Hot of the digital presses, the first roll of Kodak Tri-X from (not) my Nikon F.
Well, it works. Although I had to re-calibrate the light meter to work with non-mercury batteries at a different voltage than intended (setting the film speed a stop and a third lower did the trick). I ran off 36 shots using the camera’s own meter as my only guide and they all came out Ok. It was only after about the 20th shot that I fully got the hang of which way to turn things to adjust the exposure based on the meter needle in the viewfinder, but we got there in the end!
It was barely above freezing all day, so my travels were limited to a lap of the city centre via several coffee shops. Still, always plenty of new stuff to see even in familiar places when you have to use 36 shots up before you can go home.
Using the F was good. Nice and simple, although that’s entirely because there isn’t any settings to mess with. The meter was, at best, a bit flakey. It was never too far off to get a decent exposure but it did like to jump about a bit which is probably due to the mechanical coupling to the lens aperture ring.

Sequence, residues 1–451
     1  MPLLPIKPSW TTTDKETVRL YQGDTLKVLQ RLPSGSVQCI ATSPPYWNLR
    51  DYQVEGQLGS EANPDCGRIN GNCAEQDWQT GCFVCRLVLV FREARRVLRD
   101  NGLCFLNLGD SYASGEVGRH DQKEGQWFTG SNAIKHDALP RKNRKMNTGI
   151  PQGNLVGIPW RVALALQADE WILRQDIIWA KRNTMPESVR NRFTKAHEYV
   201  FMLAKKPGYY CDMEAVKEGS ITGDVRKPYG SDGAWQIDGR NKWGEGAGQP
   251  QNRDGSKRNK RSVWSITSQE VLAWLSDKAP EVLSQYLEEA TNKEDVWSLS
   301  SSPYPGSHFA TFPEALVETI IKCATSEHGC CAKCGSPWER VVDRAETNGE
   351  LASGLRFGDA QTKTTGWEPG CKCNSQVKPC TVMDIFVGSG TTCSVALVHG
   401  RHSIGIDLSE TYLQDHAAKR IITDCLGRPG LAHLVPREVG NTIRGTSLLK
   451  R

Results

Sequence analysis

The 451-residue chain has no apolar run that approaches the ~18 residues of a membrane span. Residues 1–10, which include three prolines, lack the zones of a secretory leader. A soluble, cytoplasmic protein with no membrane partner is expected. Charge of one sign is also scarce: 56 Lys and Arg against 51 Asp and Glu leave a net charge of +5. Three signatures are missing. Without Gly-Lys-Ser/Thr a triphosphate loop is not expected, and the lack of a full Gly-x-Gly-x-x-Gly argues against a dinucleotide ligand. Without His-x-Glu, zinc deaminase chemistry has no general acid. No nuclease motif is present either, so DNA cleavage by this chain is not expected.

The metering head a is fiendishly complex little thing that likely needs a good service, although if you compare it to the alternatives around at the time this camera was new (which was most likely no meter at all) it’s held up remarkably well.
The F strikes me as a camera for the heart not the head. Not that I think it should just be kept in a glass case, that would be cruel. But if one was to compare it directly with something a bit newer and much cheaper like a Nikon FE there is very little going for the F.
The FE is about a quarter of the price, it is much smaller and lighter, it has a more reliable modern meter (that takes modern batteries), it couples fully with all non-G series lenses, it has a better focusing screen, and it has a semi-automatic aperture priority shooting mode, all wrapped up in a nice solid SLR body with styling not too far off that of the F.
What the F has going for it though is about more than the specification sheet. This is a legendary camera with a status and history that probably far exceeds that which even it’s original designer’s hoped for it.